The official blog of American Veteran Magazine, the national quarterly publication of AMVETS.

Tuesday, November 3, 2009

VA, DoD Wrap Up Successful Mental Health Summit

Last week, VA and DoD hosted the first joint summit to discuss military and veterans' mental health. AMVETS leaders were on hand alongside leaders from the nation's top military and veterans' organizations, health care practitioners, and other public interest groups to discuss an issue that affects veterans of all conflicts, past and present.

AMVETS Deputy Legislative Director Christina Roof took part in the summit and viewed it as a critical first step in addressing a broad range of issues facing today's war fighters, but acknowledged that both VA and DoD have a long way to go on issues such as suicide-prevention and disclosure procedures.

"It was easy to understand all points of views on medical treatments and disclosure information to superiors," said Roof. "On one hand you want service members to feel comfortable reaching out for help and not worrying they will be deemed non-deployable or discharged, but on the other hand you could see the validity in DoD’s concerns about mentally unstable individuals not being ready for a combat zone, or posing a danger to themselves or others in their units."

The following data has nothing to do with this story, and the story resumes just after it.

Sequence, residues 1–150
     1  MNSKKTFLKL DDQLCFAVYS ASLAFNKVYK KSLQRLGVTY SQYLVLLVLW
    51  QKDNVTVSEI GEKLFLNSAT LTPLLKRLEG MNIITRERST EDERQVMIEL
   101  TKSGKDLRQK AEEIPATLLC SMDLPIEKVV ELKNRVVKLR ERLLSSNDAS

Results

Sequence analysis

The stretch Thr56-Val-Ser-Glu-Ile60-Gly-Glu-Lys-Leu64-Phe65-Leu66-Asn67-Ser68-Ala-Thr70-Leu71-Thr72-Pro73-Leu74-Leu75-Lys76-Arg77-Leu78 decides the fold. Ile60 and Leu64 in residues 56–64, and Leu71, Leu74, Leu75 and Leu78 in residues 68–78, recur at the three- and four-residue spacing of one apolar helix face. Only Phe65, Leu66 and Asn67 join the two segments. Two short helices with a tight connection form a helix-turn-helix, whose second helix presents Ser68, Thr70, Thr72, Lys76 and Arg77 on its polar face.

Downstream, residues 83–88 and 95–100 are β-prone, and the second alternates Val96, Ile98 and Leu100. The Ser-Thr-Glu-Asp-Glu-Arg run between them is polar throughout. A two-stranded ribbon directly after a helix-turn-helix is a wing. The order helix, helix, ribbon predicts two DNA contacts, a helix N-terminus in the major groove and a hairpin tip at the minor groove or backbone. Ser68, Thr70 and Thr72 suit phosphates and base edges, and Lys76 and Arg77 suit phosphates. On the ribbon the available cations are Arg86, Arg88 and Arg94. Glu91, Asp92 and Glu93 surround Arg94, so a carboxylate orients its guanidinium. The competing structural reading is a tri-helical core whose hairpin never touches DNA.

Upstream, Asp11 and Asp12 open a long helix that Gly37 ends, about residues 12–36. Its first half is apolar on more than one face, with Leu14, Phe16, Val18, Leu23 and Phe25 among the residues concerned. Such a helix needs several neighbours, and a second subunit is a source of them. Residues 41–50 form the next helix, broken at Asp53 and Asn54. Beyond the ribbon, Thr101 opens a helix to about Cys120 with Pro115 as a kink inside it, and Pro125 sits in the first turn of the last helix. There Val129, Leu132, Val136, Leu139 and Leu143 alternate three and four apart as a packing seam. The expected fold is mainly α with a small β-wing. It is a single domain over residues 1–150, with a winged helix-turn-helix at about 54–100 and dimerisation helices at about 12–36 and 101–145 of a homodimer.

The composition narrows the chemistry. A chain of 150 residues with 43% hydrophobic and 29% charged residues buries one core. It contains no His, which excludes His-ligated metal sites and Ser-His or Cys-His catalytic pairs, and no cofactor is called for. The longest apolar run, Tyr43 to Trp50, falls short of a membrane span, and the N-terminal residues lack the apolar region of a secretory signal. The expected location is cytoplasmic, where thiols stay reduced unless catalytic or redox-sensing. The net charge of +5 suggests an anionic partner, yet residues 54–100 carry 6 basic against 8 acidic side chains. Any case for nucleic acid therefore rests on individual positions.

During the week, summit participants heard from a variety of experts on the topic presenting a variety of potential solutions and candid commentary on the problems facing today's affected service members.

One of the most memorable presentations during the week came from IAVA Chief Legislative Counsel Patrick Campbell, who for the first time publicly shared his personal struggles with combat stress. Campbell acknowledged that it had taken him years since returning from Iraq to come to terms with many of his experiences, and he pulled no punches in criticizing VA and DoD processes for handling situations like his.

From the week's symposium, VA and DoD plan to compile a comprehensive report that will outline critical issues that remain within the military and veterans' communities and new ways to address these challenges in an effort to develop a public health model for mental health care throughout all communities.

This week, VA is hosting another summit outlining the department's plan to eliminate veterans' homelessness, which will once again touch on the topic of mental health and mental health care. American Veteran will be on hand tomorrow during the summit. Check back for updates.

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